Miami Beach – Centennial Cocktail
For a flavour of America’s Riviera, start with one part vintage American glamour, add designer hotels and a stylish nightlife; mix with Latin energy and Caribbean culture and serve in a sub-tropical beach setting
As I sip my caipirinha, a refreshing mix of cachaça with muddled lime and sugar, I mull over my newfound knowledge of Art Deco architecture. I now know Classic Moderne from Streamline Moderne; and starburst motifs from arcadia doorways. All this from a morning’s stroll. To get a sense of the art and culture of Miami Beach I’d taken a walking tour of the Architectural Historic District. My guide was from the Miami Design Preservation League, a group of enthusiasts that have been instrumental in keeping this world-class heritage safe from the bulldozers.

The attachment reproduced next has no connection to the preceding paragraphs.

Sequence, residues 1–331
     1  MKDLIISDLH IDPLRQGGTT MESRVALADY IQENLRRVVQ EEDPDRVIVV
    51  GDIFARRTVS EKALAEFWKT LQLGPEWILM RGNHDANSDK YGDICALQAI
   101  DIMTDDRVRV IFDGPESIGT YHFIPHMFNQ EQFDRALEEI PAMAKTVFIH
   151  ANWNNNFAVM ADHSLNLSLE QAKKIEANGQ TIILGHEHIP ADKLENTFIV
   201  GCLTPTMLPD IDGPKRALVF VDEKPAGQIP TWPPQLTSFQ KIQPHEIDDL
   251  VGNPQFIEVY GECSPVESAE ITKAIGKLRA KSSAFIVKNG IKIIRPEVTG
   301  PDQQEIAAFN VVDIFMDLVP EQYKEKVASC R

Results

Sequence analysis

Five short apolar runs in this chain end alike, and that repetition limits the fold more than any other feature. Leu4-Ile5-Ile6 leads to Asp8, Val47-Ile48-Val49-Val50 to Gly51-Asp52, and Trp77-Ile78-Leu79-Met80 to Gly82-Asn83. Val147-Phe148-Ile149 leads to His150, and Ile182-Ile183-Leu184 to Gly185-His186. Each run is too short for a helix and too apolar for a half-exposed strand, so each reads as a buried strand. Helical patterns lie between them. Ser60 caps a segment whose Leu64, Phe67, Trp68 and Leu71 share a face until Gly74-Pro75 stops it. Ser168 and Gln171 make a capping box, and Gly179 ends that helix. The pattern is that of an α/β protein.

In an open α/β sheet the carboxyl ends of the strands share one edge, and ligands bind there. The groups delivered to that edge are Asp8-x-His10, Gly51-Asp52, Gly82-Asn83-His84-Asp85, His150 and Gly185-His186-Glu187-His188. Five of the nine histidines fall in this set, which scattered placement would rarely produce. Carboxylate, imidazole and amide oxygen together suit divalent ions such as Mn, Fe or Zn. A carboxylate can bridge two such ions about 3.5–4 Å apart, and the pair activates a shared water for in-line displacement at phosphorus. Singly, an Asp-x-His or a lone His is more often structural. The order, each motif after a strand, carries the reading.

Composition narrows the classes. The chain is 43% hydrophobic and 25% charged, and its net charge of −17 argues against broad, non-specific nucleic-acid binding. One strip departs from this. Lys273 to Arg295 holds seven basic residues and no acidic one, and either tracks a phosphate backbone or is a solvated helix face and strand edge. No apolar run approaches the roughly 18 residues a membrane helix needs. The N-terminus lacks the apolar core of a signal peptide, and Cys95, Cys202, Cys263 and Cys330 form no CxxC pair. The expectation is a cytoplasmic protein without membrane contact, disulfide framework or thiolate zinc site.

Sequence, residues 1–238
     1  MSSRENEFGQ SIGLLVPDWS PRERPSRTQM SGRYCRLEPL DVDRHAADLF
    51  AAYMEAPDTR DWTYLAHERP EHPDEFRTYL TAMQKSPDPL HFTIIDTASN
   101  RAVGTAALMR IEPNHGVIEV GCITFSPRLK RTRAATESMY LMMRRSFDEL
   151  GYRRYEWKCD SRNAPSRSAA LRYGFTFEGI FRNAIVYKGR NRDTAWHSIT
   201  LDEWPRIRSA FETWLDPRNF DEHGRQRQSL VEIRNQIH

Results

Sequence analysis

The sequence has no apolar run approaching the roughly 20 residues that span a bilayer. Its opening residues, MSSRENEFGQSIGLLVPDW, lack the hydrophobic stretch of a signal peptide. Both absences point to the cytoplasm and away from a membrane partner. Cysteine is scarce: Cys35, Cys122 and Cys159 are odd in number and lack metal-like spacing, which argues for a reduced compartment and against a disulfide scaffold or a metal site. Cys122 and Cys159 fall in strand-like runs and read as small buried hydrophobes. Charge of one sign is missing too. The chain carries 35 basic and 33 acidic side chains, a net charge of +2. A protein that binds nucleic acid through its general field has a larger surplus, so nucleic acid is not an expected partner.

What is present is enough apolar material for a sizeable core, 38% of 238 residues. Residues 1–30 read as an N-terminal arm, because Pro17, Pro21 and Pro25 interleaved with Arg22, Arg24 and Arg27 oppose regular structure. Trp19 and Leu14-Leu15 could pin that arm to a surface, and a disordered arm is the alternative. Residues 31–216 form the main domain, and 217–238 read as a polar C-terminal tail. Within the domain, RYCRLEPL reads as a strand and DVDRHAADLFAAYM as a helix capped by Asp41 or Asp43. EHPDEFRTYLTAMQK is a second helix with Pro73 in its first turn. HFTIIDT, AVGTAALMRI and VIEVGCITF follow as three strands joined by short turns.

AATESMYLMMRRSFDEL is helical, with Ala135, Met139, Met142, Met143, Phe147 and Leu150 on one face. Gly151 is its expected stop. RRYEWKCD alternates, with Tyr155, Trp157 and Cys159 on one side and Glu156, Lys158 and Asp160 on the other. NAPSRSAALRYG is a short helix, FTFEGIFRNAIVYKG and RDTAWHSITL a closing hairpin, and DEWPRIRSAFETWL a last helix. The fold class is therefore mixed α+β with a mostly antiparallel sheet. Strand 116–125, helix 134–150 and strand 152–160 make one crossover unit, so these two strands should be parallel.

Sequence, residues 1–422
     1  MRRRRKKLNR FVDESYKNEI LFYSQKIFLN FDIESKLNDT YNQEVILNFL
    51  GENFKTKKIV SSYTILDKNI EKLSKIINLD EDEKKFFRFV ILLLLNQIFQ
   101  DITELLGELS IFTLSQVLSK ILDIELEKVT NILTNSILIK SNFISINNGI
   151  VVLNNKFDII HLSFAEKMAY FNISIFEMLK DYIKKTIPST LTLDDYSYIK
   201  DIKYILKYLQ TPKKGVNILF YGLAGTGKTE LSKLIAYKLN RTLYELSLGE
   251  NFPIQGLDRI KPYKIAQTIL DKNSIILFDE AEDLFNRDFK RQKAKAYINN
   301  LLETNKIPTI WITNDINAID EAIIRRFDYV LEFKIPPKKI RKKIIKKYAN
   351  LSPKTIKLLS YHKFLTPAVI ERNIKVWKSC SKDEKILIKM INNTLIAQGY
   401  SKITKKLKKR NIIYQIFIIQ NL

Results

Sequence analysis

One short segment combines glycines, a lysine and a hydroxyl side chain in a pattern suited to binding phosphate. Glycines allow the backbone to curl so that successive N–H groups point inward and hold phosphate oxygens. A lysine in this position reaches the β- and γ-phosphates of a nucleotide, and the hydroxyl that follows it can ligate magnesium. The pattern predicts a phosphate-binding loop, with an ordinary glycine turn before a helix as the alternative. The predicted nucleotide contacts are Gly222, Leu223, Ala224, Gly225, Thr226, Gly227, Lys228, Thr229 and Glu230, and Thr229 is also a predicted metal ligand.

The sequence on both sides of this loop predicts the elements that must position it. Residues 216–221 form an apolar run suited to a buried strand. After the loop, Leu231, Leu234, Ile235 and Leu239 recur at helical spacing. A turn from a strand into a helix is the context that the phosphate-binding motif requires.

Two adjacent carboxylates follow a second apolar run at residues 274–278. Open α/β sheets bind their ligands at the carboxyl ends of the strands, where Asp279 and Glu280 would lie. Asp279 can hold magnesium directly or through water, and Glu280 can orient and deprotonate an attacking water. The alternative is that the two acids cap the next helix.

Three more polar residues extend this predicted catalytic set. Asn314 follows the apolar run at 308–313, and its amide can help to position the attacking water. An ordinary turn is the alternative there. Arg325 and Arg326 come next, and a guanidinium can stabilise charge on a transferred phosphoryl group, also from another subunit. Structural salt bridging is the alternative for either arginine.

Art Deco glamour
In the early twentieth century, the wealthy from across the US began to seek sun, style and sophistication on the white sandy shores of Florida. Virgin beaches and coconut palm plantations were developed into resort playgrounds for the privileged. The islands and mangrove atolls close to the shore saw expansive development with the fashionable Art Deco architecture of the era, creating communities such as Miami Beach and its South Beach (SoBe) neighbourhood. From the 1920s through to the Second World War, during the halcyon days of Miami Beach, alluring luxury apartment blocks and hotels with bold architectural lines, gleaming terrazzo floors and delicious candy colours, attracted Hollywood stars and the travelling elite.